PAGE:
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See The Rising Stars of Art Song Singing - March 31st at 1pm

From: Blair
Sent on: Thursday, March 22, 2012 10:08 PM

  The Art Song Preservation Society Presents

The Mary Trueman Vocal Arts Competition
March 31, 2012  1 pm
(reception to follow)  
The Abigail Adams Smith Auditorium,
The Colonial Dames of America
417 East 61st St. (First/York) -59th Street;
4, 5, 6 to 59th St.

$10 in advance/$15 at the door

or call (646)[masked]


judging the competition
Corradina Caporello (The Juilliard School)
Thomas Grubb (The Juilliard School)
Thomas Muraco (The Manhattan School of Music)

Jacquelyn Familant, soprano
Stefanie Izzo, soprano
Silvie Jensen, mezzo-soprano
Malcolm Merriweather, baritone
Winnie Nip, soprano
Tami Petty, soprano
Rosalie Sullivan, mezzo-soprano
Michael Weyandt, baritone

Born in Penwortham in the county of Lancashire, in the UK, Mary Trueman [masked]) grew up in an impoverished but musically rich family. Mary was an accomplished piano accompanist and even before she received much formal training, she played for many singers at regional recitals and music festivals. She was a remarkable woman who went on to construct for herself an unbelievably well-rounded education perfect for instructing singers in the areas of art song and the operatic repertoire. Mary held degrees with Honors in French & German Language & Literature from the University of Birmingham in Birmingham, England. She was also a Licentiate of the London Royal Academy of Music in England in Piano Accompaniment. Later she earned a diploma in Vocal Pedagogy from the Birmingham School of Music. These qualifications were later validated as being the equivalent of an American Master’s degree. In the early 1980s, Mary moved to Houston, Texas to be closer to her daughter and son-in-law. While in Houston, she became a full member of NATS and developed her own private voice studio. She also began teaching French, German, and Spanish at a Houston area Catholic High School.  It wasn’t long before she found herself teaching voice at Texas Southern University, and soon after she was invited to teach classes in French Diction and Vocal Repertoire as well as the German Diction and Vocal Repertoire class at Rice University (Shepherd School of Music) considered by many to be the Ivy League institution of the South or the “New Ivy”.  All the while she found time to time to qualify as a certified massage therapist. She never practiced but always maintained that it helped her better understand the physiological conditions necessary for good vocal production. Students from her classes have gone on to grace the Metropolitan Opera, Houston Grand Opera, and San Francisco Opera stages and perform in recitals internationally. She believed in singers putting forth tireless effort towards technical advancement as the only true path to vocal freedom and discovering the exuberance of singing. As it relates to the art song she was a firm believer in the close examination of poetry, speaking the poem aloud to note the rhythm of the words, and that excellence in a singer's interpretation is enhanced and validated by a deep understanding and appreciation of the successive literary movements which influenced the poets' approach to life and art. Because of these reasons Mary Trueman is the force behind The Art Song Preservation Society.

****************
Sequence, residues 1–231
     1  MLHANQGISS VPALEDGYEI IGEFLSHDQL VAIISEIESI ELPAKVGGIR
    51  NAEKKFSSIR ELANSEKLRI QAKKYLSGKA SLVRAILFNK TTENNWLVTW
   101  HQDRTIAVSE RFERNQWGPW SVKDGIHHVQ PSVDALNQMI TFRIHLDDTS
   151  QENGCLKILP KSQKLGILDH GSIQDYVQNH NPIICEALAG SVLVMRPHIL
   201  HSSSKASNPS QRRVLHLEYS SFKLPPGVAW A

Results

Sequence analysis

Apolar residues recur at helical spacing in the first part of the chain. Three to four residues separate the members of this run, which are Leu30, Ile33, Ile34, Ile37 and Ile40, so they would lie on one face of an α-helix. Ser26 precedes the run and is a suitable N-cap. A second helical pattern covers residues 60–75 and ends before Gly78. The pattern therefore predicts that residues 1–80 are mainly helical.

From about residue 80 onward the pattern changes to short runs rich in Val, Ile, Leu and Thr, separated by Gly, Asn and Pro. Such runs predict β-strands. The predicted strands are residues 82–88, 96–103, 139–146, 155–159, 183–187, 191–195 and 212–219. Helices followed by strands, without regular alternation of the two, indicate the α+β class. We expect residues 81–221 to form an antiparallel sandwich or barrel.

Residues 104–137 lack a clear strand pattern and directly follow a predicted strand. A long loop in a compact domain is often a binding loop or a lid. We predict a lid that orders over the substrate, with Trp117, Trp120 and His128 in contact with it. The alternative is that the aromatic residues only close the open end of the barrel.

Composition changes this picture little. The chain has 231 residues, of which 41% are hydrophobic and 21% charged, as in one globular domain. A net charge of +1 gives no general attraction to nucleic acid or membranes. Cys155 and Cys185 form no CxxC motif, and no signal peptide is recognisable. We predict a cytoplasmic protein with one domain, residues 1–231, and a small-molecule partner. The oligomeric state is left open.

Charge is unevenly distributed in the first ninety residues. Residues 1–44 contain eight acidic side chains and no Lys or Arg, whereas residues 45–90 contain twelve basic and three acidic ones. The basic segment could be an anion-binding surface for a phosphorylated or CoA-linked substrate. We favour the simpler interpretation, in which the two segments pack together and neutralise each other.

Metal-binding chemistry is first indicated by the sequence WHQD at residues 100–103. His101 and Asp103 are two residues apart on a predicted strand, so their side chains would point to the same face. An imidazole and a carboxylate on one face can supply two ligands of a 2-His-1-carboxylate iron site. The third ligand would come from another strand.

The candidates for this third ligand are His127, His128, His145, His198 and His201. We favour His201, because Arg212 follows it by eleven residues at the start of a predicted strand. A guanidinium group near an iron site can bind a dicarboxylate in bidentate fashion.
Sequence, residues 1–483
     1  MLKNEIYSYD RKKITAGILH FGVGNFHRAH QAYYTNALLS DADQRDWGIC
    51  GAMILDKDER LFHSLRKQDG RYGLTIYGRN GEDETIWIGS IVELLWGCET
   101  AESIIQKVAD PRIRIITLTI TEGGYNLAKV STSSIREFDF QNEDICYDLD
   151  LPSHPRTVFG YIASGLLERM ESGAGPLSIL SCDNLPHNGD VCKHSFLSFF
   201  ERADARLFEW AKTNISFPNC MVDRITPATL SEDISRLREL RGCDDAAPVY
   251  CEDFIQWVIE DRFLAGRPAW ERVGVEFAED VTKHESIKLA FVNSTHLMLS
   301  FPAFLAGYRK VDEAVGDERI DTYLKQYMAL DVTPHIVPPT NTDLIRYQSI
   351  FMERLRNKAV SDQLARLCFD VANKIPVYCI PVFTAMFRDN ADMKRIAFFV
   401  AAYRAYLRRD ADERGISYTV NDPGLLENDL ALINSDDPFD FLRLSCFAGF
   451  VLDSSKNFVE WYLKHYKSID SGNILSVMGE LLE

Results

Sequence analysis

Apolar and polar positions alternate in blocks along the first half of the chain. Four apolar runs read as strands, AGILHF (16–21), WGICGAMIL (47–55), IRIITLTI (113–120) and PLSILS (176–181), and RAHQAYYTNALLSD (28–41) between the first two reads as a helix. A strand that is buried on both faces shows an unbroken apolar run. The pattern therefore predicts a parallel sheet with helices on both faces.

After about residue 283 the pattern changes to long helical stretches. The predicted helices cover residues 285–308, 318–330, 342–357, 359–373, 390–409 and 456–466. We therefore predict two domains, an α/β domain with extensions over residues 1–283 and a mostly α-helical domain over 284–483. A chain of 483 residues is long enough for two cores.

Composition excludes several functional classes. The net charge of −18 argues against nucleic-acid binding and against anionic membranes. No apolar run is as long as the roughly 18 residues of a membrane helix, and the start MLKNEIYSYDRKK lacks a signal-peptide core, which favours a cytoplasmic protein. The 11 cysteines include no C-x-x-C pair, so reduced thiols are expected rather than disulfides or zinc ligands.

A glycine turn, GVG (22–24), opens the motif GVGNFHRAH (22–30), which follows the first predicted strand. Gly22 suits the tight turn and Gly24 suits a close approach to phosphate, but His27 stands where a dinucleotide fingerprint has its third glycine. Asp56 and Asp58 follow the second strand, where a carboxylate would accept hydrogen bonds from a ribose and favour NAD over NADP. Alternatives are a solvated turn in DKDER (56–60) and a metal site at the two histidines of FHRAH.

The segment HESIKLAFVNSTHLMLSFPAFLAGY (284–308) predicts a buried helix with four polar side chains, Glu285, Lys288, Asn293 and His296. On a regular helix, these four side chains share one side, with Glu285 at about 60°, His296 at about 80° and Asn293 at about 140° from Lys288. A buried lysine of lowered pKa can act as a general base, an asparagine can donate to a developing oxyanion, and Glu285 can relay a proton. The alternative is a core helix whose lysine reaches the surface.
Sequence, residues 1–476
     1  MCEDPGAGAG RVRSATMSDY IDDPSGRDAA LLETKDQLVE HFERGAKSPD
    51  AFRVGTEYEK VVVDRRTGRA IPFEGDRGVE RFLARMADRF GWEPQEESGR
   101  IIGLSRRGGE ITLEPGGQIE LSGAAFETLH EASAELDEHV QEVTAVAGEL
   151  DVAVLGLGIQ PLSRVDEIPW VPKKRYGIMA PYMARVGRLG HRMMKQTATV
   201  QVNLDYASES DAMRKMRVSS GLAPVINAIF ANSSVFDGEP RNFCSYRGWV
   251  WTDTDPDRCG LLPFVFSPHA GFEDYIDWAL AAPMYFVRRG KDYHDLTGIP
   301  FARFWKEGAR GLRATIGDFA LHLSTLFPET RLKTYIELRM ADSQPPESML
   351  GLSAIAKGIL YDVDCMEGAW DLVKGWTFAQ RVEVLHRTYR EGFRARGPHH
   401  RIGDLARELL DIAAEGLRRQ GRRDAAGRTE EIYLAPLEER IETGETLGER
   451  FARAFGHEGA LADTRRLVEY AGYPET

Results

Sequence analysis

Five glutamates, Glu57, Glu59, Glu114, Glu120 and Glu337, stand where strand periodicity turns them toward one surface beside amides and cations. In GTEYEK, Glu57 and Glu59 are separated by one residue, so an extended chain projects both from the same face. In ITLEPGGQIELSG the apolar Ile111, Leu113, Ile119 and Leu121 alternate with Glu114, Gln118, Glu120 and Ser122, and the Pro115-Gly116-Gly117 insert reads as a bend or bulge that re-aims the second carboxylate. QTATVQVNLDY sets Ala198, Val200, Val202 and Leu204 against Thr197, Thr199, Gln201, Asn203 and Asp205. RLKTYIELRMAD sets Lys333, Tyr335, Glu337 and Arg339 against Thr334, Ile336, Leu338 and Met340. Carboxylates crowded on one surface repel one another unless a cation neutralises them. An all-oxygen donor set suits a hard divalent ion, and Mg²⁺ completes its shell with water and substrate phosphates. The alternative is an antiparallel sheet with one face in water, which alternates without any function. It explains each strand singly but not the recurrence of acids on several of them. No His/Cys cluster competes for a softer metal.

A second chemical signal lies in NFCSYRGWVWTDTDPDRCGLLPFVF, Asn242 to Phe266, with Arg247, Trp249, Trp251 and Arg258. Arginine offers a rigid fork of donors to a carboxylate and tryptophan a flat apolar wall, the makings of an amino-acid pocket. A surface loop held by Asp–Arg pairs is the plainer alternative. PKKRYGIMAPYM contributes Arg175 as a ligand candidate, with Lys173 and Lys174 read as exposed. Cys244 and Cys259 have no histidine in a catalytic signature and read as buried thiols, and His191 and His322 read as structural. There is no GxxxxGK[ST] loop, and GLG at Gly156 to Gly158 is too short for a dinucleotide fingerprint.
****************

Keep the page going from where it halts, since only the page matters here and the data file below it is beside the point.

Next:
“The interpreter’s task is to internalize not only the rhythm of the music, but the inner rhythm of the words and their psychodynamic and psycholinguistic qualities. The poetic source must be unhampered by the singer’s personal emotion of the moment, and all feelings must have been absorbed so that the singer is singing from a position of strength and assurance. Only the expressive urge of the singer’s intent will be able to evoke a response from the listener. The genres of the Lied and the Mélodie have their own intrinsic message which one can only experience when these songs are performed after taking the entire poem into consideration.”

“When the artistic imagination is coupled with technical mastery the resultant flow of tone will be compelling in its freedom. Communication will be direct and unencumbered. I cannot urge singers enough to work very hard at the mechanics of singing. Remain devoted to your work and you’ll surely discover the joy of singing. The rewards will be great! Pleasures will come to those who will not be denied. You must not be denied! And you must not put off the critical practice that is required. To quote Shakespeare ‘There is a tide in the affairs of men, which taken at the flood, leads on to fortune; Omitted, all the voyage of their life is bound in shallows and in miseries. On such a full sea are we now afloat, and we must take the current when it serves or lose our venture’. This is the greatest advice that I impart to you. Act now! While the ratio of forces is most advantageous; waiting around only allows your power to pass its crest and begin to ebb. Plus ultra (Go further beyond).” - Mary Trueman

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